Improving Survivorship Care

Current research data suggests childhood cancer survivors are not getting the care they need, which can become life-threatening.

“Survivors truly slip through the cracks,” said Karim Thomas Sadak, MD, MPH, MSE and director of the University of Minnesota’s Childhood Cancer Survivor Program (CCSP), supported by Children’s Cancer Research Fund. The CCSP aims to improve the lives of survivors, and to truly help them, Sadak said it’s crucial to involve them in research. With only one out of five survivors receiving the care they need, fewer survivors participate in long-term follow-up studies, slowing potentially lifesaving research progress.

Osteosarcoma survivor Mariah thinks her peers may not participate because they want to get as far away from their cancer experience as possible. “The study itself is a reminder that you are a cancer survivor and that there might be long-term effects,” she said. “I think that is one thing that as a cancer survivor you realize over time and learn how to accept — the cancer experience in a sense is never over.”

Now a student at the University of Minnesota and involved in cancer research herself, she would personally participate in a study. “I know that research is what advances medicine,” she said. “I would participate to help others.”

But Sadak doesn’t think survivors simply do not want to participate in studies because at the CCSP 98 percent of survivors and their parents want to engage in research. He believes it’s more likely survivors don’t know the studies are out there because they don’t come in for visits to the CCSP regularly enough to learn about them.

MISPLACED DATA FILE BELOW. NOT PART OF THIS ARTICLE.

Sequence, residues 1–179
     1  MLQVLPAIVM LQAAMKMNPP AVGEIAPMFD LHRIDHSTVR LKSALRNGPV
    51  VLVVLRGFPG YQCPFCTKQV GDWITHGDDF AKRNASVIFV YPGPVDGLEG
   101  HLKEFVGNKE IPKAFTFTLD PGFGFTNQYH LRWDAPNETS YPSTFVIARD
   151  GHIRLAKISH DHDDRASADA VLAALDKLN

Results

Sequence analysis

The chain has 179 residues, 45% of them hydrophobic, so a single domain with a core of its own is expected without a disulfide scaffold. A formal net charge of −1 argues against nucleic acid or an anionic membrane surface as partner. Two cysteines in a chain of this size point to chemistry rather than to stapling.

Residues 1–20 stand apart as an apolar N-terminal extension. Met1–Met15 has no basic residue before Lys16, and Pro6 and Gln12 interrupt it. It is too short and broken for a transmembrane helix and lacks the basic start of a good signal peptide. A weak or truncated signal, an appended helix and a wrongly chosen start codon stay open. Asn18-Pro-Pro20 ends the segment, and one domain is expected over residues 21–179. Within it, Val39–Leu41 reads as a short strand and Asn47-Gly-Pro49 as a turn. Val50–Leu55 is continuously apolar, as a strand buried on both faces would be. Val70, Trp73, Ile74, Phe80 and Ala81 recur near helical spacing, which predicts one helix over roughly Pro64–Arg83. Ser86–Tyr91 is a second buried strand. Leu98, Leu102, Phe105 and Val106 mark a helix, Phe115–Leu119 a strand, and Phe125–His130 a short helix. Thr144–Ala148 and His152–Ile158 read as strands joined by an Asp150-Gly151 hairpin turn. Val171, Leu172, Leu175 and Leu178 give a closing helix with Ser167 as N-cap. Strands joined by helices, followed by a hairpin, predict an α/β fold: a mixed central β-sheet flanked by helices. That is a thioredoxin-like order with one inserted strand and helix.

To help understand why survivors are not engaging in research studies, the CCSP is currently investigating how to create the ideal model of care to deliver survivor-focused care. “Once we know what all the key stakeholders want and need in this care,” said Sadak, “then we will create that model and test, refine and perfect the model to optimize late effects surveillance and the delivery of health promotion to our survivors.”

For this type of research, Sadak sees results almost immediately because he can implement the changes in his care delivery informed by his research in real time. “No delays, no hold ups, no red tape,” said Sadak. “If our research suggests there’s a better way to help our survivors, we can make those changes and then study them in a rigorous fashion to make sure they truly improve the lives of survivors, and if not, how to best improve upon them.”

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